Many references have been made previously to the various types of skin and to the changes in the reaction to mechanical stimulation. A review of these variations, hitherto grouped under the names of "ichthyosis, ichthyoid, xeroderma, etc.," shows that there exists within these larger groups a number of definite types, the recognition of which is essential to rational treatment. The treatment should be based on the reaction results and on the accompanying evidence of endocrine glandular activity.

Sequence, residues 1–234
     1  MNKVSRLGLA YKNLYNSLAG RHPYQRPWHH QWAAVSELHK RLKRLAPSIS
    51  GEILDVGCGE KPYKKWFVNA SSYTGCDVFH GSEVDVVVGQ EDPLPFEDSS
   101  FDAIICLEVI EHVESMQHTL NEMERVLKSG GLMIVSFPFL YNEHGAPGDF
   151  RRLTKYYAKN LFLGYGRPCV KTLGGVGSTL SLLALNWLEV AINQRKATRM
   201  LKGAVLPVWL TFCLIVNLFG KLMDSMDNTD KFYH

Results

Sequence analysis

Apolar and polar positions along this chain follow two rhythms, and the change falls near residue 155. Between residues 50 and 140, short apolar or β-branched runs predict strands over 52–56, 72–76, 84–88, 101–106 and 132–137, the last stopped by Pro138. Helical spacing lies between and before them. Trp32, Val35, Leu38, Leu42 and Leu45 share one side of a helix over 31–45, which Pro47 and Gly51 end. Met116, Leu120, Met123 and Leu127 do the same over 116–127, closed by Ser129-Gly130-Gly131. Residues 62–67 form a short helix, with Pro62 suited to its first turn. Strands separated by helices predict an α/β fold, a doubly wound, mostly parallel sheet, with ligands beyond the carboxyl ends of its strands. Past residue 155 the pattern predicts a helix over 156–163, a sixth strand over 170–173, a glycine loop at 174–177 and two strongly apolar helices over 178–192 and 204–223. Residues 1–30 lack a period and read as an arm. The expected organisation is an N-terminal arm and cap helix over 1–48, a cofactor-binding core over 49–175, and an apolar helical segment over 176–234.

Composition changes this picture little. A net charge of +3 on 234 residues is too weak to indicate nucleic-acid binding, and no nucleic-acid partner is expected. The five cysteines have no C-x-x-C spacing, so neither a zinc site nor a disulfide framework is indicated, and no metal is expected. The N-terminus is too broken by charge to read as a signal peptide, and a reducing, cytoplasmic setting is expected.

A suggested list of these varying types is as follows:
A mild xeroderma, without glazing or large scales; no thickening; a mild "branny" desquamation after friction; with or without perspiration; oily secretion diminished.
A true xeroderma, with glazed, dry skin and branny desquamation; no large scales; with or without perspiration; oily secretion diminished.
A true ichthyosis with large, dry, flaking scales; hair is dry, brittle and thin; much desquamation of scalp; perspiration and oily secretion diminished.
MUMFORD PB. XERODERMA AND ABNORMALITIES OF SKIN TEXTURE. Arch Derm Syphilol. 1927;16(3):317–321. doi:10.1001/archderm.1927.02380030064006
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